Since the formulation of the Miller and Modigliani propositions over 60 years ago, financial economists have been debating whether there is such a thing as an optimal capital structure—a proportion of debt to equity that can be expected to maximize long-run shareholder value. Some finance scholars have followed M&M in arguing that both capital structure and dividend policy are irrelevant in the sense of having no significant, predictable effects on corporate market values. Another school of thought holds that corporate financing choices reflect an attempt by corporate managers to balance the tax shields and disciplinary benefits of more debt against the costs of financial distress. Still another theory says that companies do not have capital structure targets, but instead follow a financial pecking order in which retained earnings are generally preferred to outside financing, and debt is preferred to equity when outside funding is required.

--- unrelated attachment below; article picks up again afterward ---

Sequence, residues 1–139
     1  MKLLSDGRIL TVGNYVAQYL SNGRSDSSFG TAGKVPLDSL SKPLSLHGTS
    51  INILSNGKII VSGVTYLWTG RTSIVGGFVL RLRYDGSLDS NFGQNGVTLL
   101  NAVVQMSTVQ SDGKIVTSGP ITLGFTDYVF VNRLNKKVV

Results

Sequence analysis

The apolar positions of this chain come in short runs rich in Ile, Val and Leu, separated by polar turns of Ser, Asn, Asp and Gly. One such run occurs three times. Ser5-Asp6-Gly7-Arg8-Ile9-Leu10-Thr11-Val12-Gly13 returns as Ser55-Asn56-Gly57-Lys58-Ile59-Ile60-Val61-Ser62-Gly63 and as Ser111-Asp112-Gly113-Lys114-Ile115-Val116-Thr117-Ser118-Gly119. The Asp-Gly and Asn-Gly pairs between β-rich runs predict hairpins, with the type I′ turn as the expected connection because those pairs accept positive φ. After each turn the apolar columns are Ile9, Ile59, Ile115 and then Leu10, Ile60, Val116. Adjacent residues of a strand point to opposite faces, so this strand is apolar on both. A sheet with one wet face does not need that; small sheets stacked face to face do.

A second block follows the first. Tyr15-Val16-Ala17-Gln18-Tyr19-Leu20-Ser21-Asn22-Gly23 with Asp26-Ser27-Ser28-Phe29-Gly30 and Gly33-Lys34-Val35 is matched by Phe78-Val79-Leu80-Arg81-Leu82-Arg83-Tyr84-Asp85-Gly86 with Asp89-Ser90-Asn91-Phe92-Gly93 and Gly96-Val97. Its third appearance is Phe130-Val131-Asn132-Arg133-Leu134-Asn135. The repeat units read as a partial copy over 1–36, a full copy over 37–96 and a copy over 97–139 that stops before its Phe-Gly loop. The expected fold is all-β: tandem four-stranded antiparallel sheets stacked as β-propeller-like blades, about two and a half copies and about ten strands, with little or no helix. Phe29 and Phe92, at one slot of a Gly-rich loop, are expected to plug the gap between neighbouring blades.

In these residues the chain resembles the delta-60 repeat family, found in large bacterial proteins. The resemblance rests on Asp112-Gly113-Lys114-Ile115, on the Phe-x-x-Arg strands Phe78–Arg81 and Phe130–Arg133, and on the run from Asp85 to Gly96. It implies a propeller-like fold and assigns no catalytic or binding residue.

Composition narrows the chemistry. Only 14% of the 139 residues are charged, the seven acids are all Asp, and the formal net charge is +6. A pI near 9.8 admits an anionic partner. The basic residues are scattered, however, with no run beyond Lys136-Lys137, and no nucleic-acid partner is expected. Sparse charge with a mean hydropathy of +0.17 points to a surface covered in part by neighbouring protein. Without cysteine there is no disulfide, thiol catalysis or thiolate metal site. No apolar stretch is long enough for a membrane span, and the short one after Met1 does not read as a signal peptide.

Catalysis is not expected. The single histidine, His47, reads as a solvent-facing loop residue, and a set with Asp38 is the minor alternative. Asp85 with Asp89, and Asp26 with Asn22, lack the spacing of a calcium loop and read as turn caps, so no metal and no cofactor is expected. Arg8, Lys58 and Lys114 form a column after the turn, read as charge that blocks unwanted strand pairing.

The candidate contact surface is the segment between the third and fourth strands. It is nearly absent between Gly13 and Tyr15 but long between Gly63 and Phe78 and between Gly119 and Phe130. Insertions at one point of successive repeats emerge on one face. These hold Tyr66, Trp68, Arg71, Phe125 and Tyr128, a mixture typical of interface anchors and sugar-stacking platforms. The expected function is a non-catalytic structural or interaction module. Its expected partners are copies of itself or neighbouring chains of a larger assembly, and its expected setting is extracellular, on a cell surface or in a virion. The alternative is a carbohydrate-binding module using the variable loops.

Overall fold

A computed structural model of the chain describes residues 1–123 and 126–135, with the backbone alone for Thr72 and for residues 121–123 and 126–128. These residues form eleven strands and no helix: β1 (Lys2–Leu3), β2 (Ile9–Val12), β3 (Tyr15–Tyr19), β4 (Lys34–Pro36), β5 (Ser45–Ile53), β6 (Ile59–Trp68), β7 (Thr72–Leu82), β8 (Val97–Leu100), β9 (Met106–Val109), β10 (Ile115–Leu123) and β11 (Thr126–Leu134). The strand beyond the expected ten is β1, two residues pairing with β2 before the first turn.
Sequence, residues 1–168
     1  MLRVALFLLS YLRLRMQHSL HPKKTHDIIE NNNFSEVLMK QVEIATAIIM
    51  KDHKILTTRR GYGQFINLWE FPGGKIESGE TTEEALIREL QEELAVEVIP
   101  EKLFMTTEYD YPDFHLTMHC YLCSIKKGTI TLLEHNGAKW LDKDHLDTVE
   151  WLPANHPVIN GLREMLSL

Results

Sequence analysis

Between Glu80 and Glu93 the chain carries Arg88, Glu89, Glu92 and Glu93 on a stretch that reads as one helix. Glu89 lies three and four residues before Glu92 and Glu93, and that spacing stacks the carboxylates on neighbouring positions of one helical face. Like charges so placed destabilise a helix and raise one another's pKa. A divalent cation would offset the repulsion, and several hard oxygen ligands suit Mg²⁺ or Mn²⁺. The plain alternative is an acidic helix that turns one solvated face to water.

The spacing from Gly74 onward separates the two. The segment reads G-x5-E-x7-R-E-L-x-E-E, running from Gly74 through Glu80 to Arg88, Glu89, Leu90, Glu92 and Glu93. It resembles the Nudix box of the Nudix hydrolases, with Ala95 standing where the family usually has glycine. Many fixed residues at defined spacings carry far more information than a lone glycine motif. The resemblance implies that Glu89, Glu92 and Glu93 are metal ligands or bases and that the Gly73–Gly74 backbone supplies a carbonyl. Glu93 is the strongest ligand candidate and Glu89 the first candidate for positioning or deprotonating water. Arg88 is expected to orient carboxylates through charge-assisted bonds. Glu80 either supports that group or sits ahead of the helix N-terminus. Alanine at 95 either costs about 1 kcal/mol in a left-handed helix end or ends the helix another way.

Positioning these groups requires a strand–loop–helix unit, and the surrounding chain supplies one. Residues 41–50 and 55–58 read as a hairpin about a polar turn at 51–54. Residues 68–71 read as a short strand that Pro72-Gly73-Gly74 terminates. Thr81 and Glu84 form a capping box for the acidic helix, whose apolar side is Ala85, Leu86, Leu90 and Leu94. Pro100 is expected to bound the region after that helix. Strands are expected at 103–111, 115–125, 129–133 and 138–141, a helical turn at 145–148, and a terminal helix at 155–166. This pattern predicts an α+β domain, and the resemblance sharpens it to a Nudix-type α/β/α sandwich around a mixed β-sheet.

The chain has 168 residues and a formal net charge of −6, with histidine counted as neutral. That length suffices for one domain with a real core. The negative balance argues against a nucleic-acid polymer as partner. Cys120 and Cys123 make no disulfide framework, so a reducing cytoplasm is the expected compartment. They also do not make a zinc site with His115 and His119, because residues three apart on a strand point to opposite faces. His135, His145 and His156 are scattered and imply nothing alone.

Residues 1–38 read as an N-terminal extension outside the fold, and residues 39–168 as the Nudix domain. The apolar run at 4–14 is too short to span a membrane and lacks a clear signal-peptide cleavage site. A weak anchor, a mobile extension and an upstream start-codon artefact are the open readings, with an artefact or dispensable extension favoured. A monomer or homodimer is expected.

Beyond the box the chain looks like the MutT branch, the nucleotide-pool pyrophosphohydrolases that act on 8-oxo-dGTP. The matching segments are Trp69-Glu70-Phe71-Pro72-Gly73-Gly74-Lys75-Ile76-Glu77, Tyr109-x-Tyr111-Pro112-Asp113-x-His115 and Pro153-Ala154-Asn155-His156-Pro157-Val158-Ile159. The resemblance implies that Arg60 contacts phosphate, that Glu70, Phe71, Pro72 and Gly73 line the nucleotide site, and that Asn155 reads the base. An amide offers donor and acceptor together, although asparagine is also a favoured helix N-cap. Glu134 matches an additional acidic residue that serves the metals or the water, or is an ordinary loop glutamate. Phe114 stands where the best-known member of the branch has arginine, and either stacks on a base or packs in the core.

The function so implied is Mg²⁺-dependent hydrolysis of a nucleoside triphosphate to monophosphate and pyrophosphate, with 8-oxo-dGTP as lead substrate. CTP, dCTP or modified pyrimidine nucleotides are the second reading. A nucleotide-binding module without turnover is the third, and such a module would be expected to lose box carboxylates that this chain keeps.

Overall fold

In reviewing the evidence that has accumulated since M&M, the authors argue that taxes, bankruptcy and other contracting costs, and information costs all appear to play important roles in corporate financing decisions. While much, if not most, of the evidence is consistent with the idea that companies set target leverage ratios, there is also considerable support for the pecking order theory’s contention that managements are willing to deviate widely from their targets for long periods of time. According to the authors, the key to reconciling the different theories—and thus to solving the capital structure puzzle—lies in achieving a better understanding of the relation between corporate financing stocks (that is, total amounts of debt and equity) and flows (which security to issue at a particular time). Even when companies have leverage targets, it can make sense to deviate from those targets depending on the costs associated with moving back toward the target. And as the authors argue in closing, a complete theory of capital structure must take account of these adjustment costs and how they affect expected deviations from the targets.